Japanese Woodblock Print

How were woodblock prints made?

At least four people were needed to work together to produce a  Ukiyo-e  woodblock print. They included a publisher, an artist or designer, a block-cutter and  a printer. 
  • The publisher would commission the artist to draw an original design. The  artist would provide the publisher with a preparatory sketch called a  shita-e.

  • The shita-e sketch was traced by the  hikko or block copyist, on to very thin paper, which was pasted face down onto the woodblock  of cherry wood. 

  • The printer would then cut through the paper, leaving only the raised lines of the design, to create the key block, which printed the black outline to be followed when cutting the colour blocks. 
  • Next, the cutter would chisel the design into the woodblock. The block would then be inked and a sheet of dampened paper (called a 'key print') is rubbed until the impression is transferred on to it.

  • The artist would then choose the colours he wanted to use within the print and a separate block would be carved for every colour.  A separate block was cut for each colour - often up to 20 -although sometimes two colours could share a block if there was sufficient distance between them. How many colour blocks do you think were made for the print pictured here?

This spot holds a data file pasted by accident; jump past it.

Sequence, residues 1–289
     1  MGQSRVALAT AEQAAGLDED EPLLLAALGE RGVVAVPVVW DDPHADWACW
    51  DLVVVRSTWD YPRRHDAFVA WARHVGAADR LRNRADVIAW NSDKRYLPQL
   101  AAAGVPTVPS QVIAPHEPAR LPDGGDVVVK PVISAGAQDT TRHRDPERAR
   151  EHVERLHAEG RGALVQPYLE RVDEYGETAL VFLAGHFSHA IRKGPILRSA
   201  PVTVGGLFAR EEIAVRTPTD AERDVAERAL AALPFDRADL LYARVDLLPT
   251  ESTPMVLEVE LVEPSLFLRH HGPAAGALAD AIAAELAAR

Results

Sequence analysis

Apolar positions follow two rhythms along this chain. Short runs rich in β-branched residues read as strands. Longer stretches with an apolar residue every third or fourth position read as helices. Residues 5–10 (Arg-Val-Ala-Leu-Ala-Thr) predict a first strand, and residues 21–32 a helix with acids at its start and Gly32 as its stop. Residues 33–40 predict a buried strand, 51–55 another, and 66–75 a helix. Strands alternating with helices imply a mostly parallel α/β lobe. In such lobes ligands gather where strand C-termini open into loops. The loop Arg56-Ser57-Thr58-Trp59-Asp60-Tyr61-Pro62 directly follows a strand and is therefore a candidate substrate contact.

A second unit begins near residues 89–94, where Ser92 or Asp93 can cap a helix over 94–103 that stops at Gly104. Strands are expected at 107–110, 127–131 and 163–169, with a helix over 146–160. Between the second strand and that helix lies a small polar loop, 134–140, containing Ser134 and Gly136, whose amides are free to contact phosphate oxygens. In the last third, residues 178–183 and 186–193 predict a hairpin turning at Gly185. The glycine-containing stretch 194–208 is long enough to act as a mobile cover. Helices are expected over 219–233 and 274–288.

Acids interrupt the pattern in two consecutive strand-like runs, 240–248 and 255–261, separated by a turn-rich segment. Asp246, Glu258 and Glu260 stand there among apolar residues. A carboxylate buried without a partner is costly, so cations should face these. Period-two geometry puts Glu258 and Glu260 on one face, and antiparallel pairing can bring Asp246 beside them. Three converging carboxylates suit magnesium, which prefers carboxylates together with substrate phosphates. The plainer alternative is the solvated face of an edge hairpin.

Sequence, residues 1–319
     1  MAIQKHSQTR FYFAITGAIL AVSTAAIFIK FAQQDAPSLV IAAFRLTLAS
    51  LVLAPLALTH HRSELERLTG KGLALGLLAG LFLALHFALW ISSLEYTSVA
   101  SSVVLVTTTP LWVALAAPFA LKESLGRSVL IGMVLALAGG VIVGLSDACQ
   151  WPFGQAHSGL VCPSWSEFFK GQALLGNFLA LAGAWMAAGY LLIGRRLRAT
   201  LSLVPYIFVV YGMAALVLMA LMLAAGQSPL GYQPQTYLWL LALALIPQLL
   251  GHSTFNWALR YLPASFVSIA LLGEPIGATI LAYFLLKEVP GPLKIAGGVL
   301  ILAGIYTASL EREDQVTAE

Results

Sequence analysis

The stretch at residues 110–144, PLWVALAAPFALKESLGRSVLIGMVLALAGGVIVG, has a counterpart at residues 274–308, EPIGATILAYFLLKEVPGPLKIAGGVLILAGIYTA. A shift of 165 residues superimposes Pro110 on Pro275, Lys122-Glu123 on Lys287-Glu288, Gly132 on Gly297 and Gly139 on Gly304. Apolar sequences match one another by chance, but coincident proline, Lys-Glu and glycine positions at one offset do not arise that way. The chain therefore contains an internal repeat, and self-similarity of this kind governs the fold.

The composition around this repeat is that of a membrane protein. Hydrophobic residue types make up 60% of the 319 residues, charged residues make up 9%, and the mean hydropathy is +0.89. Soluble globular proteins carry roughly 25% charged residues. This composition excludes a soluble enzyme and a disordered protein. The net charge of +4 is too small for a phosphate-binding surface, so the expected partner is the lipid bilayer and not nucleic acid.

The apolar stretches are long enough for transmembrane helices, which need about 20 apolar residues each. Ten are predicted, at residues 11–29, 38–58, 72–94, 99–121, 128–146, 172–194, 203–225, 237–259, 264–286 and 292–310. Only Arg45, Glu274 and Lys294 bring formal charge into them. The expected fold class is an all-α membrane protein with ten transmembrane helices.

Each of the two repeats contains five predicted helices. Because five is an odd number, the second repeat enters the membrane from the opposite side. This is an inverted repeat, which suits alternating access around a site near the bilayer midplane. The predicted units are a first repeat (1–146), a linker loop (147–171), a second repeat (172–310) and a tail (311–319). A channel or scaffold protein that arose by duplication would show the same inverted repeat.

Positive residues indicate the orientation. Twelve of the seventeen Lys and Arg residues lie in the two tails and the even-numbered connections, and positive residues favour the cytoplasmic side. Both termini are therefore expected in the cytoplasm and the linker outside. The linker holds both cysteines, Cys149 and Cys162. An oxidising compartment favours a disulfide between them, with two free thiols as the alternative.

• Finally, the blocks would be sent to the printer, who, using mulberry paper, rubbed the dyes onto the blocks and transferred each impression. 
Prints were probably made in sets of 200 at a time, with further batches being made on demand. A popular image could run to thousands of copies.   These prints were relatively affordable pieces of artwork, within the reach of middle class households throughout Japan and the world. 

Explore the features of a Japanese print using this My Learning interactive. The links section below also includes links to useful sites showing the process of woodblock carving.



 
Document icon Learning article provided by: Cartwright Hall Art Gallery | 
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